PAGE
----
Fit Learn gets first-step approval for new expansion

At the recent Committee of Adjustment meeting on Monday, June 21st, an application was made to allow for a minor variance to expand a recently new business in Southampton.

Fit Learn Strength and Conditioning gym and fitness centre opened on Albert Street South in Southampton, in what was formerly known as the Shular garage, a property that had been vacant for several years. The application for a minor variance requested that the maximum front yard setback be increased from 1.22 metres to 9.75 metres to accommodate a new addition.


The addition would provide an expansion to the building as COVID restrictions had forced the fitness classes to move outside and the membership had reached capacity for the existing building.  Planner, Barbara Mugabe, told the Committee that, if the variance was approved, facade design, landscaping and parking issues would be addressed at site-plan time.

As with most fitness classes today, they are often accompanied by music to enhance the workout experience.  With the application submission and public notice to surrounding residents, Mugabe said that complaints had been submitted by neighbours about the music being too loud and also containing offensive language that is “not acceptable in our diverse society”.

Patricia Campbell, a business owner, land owner and shift worker who lives across the street from the Fit Learn gym, said that the music often disrupts her sleep and enjoyment of quiet. “I understand you want to provide the best experience possible but it’s very stressful.  It’s not the gym, it is the noise that is extreme.  I have lived here for 30 years and never experienced this level of noise to the point that I had to call the police and local By-law.”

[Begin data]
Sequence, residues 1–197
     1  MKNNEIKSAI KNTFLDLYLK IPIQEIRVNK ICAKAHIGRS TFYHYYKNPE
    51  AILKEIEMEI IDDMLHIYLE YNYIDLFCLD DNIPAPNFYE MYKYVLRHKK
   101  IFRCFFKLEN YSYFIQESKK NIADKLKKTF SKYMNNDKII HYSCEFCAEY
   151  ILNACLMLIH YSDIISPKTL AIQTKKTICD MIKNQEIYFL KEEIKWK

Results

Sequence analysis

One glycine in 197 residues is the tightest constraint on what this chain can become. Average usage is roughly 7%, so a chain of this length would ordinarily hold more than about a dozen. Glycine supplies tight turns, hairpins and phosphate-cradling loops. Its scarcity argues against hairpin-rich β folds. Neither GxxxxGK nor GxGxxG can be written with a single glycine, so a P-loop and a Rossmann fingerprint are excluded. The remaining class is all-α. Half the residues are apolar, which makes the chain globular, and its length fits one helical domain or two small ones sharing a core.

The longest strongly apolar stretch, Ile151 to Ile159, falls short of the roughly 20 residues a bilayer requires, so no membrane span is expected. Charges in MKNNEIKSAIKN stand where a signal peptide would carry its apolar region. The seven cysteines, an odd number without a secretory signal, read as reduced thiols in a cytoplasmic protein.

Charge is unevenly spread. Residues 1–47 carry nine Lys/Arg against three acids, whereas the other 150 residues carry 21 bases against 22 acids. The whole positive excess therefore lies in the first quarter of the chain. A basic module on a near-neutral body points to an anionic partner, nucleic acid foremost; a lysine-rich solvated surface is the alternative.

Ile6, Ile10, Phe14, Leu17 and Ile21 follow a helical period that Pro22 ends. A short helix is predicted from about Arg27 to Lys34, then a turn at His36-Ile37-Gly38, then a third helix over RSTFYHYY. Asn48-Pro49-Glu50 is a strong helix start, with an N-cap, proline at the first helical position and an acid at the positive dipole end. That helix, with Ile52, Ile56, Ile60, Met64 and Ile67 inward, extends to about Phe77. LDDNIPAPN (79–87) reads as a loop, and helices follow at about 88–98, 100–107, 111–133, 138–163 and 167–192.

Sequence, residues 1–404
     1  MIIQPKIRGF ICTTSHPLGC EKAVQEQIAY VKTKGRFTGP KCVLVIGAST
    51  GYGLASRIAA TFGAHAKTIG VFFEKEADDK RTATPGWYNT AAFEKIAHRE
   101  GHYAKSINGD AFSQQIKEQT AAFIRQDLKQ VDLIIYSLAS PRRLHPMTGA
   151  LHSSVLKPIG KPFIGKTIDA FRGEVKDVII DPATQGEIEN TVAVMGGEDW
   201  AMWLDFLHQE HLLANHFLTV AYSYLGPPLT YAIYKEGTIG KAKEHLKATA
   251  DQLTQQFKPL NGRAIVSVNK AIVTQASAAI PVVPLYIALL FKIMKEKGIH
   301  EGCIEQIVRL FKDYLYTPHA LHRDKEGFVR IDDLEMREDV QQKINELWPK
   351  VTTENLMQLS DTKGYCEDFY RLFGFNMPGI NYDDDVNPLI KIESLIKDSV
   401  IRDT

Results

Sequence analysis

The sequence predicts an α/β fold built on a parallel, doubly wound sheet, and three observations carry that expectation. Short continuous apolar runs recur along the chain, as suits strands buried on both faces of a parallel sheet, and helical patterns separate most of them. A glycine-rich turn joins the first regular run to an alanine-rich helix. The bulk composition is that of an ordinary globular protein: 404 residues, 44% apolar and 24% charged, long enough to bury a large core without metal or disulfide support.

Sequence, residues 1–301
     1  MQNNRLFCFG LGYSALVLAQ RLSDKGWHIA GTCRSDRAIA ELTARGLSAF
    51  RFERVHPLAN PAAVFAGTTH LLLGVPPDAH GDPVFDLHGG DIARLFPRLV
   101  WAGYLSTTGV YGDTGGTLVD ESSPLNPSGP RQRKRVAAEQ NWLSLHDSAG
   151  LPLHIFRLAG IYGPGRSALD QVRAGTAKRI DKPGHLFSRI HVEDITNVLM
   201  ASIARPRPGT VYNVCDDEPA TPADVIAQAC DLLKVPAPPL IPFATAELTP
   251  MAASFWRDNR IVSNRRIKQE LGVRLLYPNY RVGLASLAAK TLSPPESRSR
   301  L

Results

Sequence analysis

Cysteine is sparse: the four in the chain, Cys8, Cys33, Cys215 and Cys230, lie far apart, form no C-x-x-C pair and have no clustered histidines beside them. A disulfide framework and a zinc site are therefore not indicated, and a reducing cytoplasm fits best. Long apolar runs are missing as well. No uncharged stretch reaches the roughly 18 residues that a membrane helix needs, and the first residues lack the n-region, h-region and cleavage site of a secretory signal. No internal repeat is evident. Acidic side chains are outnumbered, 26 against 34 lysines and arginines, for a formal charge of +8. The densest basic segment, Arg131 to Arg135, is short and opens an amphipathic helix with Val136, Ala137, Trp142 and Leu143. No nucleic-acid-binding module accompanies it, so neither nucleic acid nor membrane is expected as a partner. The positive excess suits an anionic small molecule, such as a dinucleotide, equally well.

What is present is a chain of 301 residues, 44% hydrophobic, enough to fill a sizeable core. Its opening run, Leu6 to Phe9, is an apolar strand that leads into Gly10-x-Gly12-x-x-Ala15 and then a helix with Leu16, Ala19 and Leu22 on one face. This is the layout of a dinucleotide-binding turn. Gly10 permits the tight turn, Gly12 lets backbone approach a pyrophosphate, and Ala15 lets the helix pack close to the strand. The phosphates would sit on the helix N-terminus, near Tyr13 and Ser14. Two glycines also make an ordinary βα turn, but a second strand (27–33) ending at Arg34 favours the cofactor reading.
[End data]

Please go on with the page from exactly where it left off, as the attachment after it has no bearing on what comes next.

Saugeen Shores noise By-law does not apply to commercial businesses during the day but only at night when unacceptable levels cannot continue beyond 11:00 p.m.

Committee of Adjustment member, Liz Kuntz asked if it was the job of the committee to do anything about noise complaints and what could be done.

Jay Pausner, Saugeen Shores Supervisor Economic Development, explained that the task of the Committee is to only consider the front yard set-back minor variance under application.  “The Town does have control over noise By-law however but that would be amended at the Council level.”

The commercial property also includes five residential apartments, one above the former garage and four others immediately behind the building, along with a separate building that was formerly an artist’s studio.

As with many small businesses during COVID-19, including fitness centres,  business has been at a standstill for more than a year due to Public Health lockdowns and government restrictions.

 Owner and instructor, Cole Learn

Cole Learn, owner of the gym and fitness coach, said that the last thing he wanted to do was to upset neighbours.  “I have had conversations with the neighbours and have taken multiple steps to mitigate the problem of noise. Gym members have been asked to bring headphones to the morning classes and coaches have been told to monitor the music that it is to be ‘clean’ with no offensive language. Also, I have given out my phone number so that I can personally and immediately deal with complaints.”

“Unfortunately, we’ve been pushed out(side) by the government so that we have been forced to hold classes outside and our hands have kind of been tied behind our backs in that regard.  The addition however, is being designed to provide more space and it will be insulated with spray foam to help keep the noise to a minimum.  We love this community and just want to do good things for it,” added Learn.

       Weather permitting, fitness classes are held outside – for larger view, Click on Image

There are four tests that an application must meet for a minor variance.  According to planner, Mugabe, the expansion of the gym facility meets all four tests, meets the required development of use for the land and that there would be no adverse impacts on the surrounding environment.

The recommendation to approve the minor variance was carried in a 3 to 1 vote, with member Olivia Barwell in opposition.